Brad Pitt certainly isn’t the issue in Netflix’s latest Original movie; a bold but far from brilliant entry for 2017.
Providing yet another depiction of war for Netflix’s ever-expanding branch of Original movies, Brad Pitt-led War Machine has finally arrived, promising a high level of political satire in the days where the war in Afghanistan raged on despite much opposition. At least that’s what all the promotion for the film led us to believe, with the film instead losing its way with a mixing of tones that leave you confused and jaded by its closing second hour.
Part-based on real life and part-satirically edged politics of war, War Machine focuses on the confident and driven Glen McMahon (Pitt), a man brought in by the Obama administration to take charge in Afghanistan following a successful turn in the Iraqi fight. But with the President clearly earmarking to his country the removal of all soldiers in the coming 18 months, McMahon is there to win the fight, demanding 40,000 soldiers extra to join the fight and butting heads with the most powerful man on the planet. With that, a less-than-capable foreign President (Ben Kingsley) and many others seemingly against him, McMahon looks to tackle the war head-on in his own way with plenty of struggle.
First of all, it can’t be said that Netflix’s decision to spend a wad of cash on Brad Pitt to drive their latest film vehicle was a poor decision. In fact, if it wasn’t for Pitt then War Machine wouldn’t be half the film it is, with the Hollywood A-lister channeling his Inglorious Basterds turn for Tarantino somewhat and creating the cocksure and always entertaining McMahon. He’s a character he is constantly engaging, often rather humorous and a perfect satire focal point; the issue here is that the film itself doesn’t maintain this throughout its runtime.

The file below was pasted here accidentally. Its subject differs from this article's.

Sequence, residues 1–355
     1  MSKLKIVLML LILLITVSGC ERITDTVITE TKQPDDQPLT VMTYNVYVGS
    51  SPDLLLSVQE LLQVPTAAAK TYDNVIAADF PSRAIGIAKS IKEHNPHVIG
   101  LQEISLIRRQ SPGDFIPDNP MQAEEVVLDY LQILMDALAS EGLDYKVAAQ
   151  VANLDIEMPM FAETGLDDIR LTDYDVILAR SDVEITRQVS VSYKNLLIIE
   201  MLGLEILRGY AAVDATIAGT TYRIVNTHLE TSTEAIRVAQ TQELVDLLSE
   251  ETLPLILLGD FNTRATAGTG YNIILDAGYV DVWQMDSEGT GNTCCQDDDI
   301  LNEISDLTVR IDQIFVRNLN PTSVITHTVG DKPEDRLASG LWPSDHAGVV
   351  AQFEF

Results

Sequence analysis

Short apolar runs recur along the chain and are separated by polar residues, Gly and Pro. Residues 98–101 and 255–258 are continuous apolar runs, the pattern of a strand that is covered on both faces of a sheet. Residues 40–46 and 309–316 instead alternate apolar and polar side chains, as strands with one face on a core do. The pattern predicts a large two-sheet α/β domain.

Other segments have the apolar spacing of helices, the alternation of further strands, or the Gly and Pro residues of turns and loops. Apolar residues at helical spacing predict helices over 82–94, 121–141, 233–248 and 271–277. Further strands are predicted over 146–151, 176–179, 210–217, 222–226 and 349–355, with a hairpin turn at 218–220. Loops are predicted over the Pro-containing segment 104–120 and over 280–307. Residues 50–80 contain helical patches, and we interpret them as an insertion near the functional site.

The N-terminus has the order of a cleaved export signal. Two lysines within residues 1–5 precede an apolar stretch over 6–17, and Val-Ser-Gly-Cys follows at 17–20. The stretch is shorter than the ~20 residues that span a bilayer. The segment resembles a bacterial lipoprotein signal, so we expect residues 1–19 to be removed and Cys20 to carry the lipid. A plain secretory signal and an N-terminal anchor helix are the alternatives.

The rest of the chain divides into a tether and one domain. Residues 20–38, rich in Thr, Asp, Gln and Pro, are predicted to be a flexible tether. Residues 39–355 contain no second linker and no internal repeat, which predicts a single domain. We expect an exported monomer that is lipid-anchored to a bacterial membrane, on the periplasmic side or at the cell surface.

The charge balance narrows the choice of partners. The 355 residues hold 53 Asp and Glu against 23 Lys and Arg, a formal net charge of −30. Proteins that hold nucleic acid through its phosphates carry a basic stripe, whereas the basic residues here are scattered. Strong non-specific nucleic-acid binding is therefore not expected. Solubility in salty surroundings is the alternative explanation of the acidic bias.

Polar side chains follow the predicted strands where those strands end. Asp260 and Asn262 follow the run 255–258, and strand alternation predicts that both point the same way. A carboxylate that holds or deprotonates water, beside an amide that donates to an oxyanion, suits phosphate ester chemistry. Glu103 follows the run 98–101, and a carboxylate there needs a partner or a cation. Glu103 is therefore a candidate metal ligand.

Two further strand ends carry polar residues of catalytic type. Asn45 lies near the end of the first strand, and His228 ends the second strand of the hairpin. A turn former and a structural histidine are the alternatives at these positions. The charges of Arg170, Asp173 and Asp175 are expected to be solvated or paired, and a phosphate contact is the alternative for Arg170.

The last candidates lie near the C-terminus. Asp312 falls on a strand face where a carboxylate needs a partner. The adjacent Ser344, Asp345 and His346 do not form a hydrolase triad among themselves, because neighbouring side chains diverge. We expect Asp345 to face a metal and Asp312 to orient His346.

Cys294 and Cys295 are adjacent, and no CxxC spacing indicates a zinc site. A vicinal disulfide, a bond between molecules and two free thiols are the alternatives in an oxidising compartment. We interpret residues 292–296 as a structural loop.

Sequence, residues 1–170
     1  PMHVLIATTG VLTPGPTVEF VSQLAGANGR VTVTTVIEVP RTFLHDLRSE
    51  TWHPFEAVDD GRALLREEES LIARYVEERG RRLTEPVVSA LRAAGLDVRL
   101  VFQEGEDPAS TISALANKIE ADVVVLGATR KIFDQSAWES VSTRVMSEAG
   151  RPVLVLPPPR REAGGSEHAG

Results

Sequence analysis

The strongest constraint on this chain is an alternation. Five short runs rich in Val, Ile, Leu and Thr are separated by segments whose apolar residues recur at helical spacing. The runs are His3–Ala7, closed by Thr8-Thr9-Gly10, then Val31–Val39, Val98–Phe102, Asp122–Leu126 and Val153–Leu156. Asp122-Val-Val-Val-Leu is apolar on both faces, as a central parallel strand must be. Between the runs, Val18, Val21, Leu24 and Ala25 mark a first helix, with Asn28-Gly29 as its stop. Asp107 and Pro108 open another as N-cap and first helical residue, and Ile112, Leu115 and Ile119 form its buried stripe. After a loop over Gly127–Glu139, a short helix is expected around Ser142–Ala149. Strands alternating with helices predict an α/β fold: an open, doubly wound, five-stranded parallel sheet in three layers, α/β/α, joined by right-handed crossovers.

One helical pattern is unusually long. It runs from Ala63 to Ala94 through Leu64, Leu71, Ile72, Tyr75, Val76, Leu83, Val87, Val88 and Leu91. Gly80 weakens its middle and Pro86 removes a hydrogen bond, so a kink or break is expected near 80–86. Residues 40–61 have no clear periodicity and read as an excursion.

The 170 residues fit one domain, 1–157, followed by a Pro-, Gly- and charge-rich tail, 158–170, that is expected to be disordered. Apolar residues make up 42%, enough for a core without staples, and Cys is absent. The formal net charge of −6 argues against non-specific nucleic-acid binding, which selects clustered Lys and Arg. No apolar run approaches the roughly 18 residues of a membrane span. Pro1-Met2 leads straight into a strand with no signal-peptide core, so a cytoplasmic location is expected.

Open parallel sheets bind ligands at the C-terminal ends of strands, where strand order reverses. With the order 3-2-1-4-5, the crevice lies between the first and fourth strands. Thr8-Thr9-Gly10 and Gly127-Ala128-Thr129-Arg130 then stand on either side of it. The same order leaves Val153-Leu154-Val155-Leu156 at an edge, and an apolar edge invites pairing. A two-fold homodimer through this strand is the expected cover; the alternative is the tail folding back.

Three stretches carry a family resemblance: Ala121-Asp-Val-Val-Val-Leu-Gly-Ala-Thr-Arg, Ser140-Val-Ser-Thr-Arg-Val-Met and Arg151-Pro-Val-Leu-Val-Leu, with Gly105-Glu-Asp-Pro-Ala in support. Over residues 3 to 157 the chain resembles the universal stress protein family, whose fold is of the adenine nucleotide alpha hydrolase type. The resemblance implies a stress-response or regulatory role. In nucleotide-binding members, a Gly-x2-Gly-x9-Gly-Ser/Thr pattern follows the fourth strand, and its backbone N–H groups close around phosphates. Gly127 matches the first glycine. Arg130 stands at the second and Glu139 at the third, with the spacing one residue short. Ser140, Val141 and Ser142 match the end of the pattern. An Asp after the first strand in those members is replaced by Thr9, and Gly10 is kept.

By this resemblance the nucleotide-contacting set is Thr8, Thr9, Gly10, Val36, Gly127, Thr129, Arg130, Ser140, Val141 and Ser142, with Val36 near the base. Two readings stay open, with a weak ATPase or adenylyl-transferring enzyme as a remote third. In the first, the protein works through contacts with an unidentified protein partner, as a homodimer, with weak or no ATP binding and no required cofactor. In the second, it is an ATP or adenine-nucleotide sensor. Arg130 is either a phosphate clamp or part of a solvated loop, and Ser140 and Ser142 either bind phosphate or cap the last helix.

Now, it’s certainly easy to describe a film these days as being muddled in terms of its tone, with so many now shifting themes and tones that it almost feels normal in a sense, but War Machine does just that and fails in doing so. For a film that instantly becomes recognisable as a satire, it gradually descends into territory that simply feels so misplaced it’s almost like walking a completely different movie entirely. Gone is the wisecracking, hilarious cursing to be replaced by a newly placed focus on the reality and drama of the battleground – it’s as though director David Michod forgot to add in some meaningful combat and emotion and decided to throw it in at the last opportunity.
This shift in gear and change in direction results in a truly jarring experience, with the whole experience resembling two very different films entirely fused together. It’s a shame really as Pitt does his best with the content and is, for the most part, supremely entertaining in his role but it’s everything around him that slowly crumbles to the ground in a pile of mediocrity. Netflix certainly showed they have clout with bringing in their biggest star yet, and while War Machine may prove to be yet another bold and brave project that major studios likely wouldn’t explore, it is going to take something of significantly better quality to sustain audience levels if Netflix are to become a true major player in the mainstream cinema realm.
War Machine is available to stream via Netflix now.